Meditations of a departing senior on higher education
Joanna Diane Caytas, Columbia ‘12
It has just been too crazy since fall
four long years ago when we started to crawl.
But one fact, it seems, was by far
what appeared to me truly bizarre:
We don’t feel too much wiser at all!
As a freshman, I came sans Plan B,
with quaint notions about a degree.
First, when told about classes
for us ignorant lasses,
they all sounded quite worthwhile to me.
Before long it seemed clear that “the core”
was but synonym for a jungle of lore
that will take half your time
– and it surely took mine –
yet will leave you as smart as before.
In some classes with sharp minds at play
you can find, to your frothing dismay,
that pretenders got in
and are making a din
even though they have nothing to say.
Declaring a major is easy,
but following through keeps one busy.
I chose to read math.
Never regretted that path,
even though giving birth to a proof can make dizzy.
So I went to the help room one day
where the wisest of mutants hold sway.
There, Pythia answers if you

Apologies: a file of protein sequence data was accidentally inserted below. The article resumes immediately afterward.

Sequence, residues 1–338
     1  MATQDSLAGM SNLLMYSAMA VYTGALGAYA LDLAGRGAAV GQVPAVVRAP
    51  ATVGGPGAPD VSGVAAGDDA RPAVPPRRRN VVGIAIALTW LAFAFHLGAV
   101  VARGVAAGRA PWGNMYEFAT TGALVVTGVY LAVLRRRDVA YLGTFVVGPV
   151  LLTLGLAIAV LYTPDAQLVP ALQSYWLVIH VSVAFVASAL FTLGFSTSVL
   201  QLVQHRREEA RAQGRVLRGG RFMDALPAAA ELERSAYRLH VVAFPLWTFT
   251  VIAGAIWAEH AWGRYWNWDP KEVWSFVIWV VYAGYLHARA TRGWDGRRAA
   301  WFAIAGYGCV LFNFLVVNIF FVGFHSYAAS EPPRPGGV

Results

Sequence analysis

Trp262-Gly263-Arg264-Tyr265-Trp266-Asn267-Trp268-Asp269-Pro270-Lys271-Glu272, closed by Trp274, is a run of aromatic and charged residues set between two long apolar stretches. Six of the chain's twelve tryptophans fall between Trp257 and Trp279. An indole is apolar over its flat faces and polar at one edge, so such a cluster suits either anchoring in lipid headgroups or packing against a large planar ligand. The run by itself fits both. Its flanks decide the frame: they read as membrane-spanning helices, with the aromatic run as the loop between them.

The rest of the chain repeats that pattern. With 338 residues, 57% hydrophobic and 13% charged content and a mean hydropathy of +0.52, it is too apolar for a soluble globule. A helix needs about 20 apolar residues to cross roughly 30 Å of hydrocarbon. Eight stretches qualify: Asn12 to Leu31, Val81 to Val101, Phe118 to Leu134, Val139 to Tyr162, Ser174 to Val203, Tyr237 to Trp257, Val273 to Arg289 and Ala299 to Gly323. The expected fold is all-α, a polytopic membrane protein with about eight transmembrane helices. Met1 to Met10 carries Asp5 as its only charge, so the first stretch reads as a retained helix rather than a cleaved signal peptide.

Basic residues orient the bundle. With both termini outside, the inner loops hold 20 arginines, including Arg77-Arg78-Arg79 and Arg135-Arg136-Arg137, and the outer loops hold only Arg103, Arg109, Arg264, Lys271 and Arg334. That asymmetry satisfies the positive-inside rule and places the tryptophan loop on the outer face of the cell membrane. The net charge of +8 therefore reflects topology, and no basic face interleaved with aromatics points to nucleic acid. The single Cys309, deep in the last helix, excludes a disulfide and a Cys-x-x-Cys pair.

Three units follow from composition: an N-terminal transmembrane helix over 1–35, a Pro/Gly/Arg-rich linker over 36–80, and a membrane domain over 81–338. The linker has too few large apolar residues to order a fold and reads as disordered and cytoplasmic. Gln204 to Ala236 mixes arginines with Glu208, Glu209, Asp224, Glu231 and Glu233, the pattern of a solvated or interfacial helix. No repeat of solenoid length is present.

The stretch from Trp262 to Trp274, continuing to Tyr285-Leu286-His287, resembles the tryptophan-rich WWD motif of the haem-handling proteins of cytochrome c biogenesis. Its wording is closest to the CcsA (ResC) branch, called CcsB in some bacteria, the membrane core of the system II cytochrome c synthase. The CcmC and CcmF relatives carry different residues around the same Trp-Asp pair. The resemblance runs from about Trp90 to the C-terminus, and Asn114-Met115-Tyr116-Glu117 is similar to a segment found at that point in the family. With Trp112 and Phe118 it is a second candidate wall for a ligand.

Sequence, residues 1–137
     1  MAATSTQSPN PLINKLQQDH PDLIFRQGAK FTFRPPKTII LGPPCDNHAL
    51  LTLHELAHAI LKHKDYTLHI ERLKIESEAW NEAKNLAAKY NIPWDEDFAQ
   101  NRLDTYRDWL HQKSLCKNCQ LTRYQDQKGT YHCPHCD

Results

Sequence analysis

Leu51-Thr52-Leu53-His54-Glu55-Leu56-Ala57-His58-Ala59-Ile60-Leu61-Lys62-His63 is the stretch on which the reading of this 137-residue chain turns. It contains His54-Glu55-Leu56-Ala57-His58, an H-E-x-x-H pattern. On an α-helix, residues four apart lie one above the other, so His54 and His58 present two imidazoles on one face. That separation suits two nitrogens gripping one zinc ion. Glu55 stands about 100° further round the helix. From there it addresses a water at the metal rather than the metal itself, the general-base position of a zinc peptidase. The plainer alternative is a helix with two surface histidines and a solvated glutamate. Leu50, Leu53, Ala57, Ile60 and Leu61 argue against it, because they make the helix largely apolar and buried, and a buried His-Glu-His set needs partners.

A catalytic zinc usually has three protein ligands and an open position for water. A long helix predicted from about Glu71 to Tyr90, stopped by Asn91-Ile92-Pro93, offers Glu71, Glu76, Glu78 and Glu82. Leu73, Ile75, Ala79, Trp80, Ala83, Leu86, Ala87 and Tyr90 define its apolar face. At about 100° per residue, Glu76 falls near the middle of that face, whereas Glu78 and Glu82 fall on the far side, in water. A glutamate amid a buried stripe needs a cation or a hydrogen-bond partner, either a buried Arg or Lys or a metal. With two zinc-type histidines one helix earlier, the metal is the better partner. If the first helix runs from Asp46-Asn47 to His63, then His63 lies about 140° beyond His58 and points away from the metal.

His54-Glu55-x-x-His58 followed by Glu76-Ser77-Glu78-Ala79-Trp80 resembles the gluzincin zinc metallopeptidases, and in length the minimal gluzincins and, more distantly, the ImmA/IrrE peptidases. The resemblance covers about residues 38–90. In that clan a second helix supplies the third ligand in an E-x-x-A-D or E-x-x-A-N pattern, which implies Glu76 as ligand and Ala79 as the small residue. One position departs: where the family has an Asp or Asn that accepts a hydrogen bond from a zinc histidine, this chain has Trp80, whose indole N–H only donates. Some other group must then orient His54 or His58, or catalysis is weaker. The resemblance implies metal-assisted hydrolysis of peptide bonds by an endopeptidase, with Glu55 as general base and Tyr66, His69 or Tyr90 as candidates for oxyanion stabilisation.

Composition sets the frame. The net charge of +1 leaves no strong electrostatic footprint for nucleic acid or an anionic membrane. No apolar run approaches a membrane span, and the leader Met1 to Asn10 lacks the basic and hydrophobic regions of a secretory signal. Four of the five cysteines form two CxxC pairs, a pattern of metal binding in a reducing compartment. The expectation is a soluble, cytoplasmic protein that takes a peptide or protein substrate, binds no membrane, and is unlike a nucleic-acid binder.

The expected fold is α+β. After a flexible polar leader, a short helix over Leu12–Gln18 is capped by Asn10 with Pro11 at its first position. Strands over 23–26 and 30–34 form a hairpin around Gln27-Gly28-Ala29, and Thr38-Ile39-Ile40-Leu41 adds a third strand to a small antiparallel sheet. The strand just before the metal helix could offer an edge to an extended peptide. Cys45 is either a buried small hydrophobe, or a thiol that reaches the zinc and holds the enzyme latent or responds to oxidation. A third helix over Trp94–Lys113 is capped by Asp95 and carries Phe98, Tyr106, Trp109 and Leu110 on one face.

run into a problem or two,
leading you further astray.
My own instinct with numbers untried,
flying straight by the seat of my pants, I confide
in propitiously fond afterglow:
Not such a very long time ago
I still thought that my prospects were fried.
When proving hypotheses pointless and vacuous
intersperse them with first-order predicate calculus.
For, given the right degree of formality,
even the dumbest triviality
may draw loud acclaim from the scholars: “miraculous!''
Was it worth heavy lifting? You bet.
But one thing is not clear to me yet:
If indeed, countless years down the line,
this ‘amazing potential’ of mine,
will it crawl out from under the debt?
Professors, it seems, seldom know
what epiphanies actually grow
during this four-year ivied vacation
that we indulge rather than learning a useful vocation
as our minds harvest the crops they did sow.
On a sun-flooded Wednesday this May
– Kleenex out! – I did wistfully say:
Thank you all for phenomenal years –
and your forgiveness of shameful arrears
that my librarians nod-winked away.
I shall miss this old campus, parlaying
what instructors have taught me, relaying
the respectable wisdom of ages,
well-embedded in footnote-rich pages,
into an argument surely worth weighing.
Sayonara, my Morningside Heights!
Site of a great many solvable plights,
scenes of wild Archimedean screams,
more than a few fertile visions and dreams -
Thanks for the power tools banning my frights!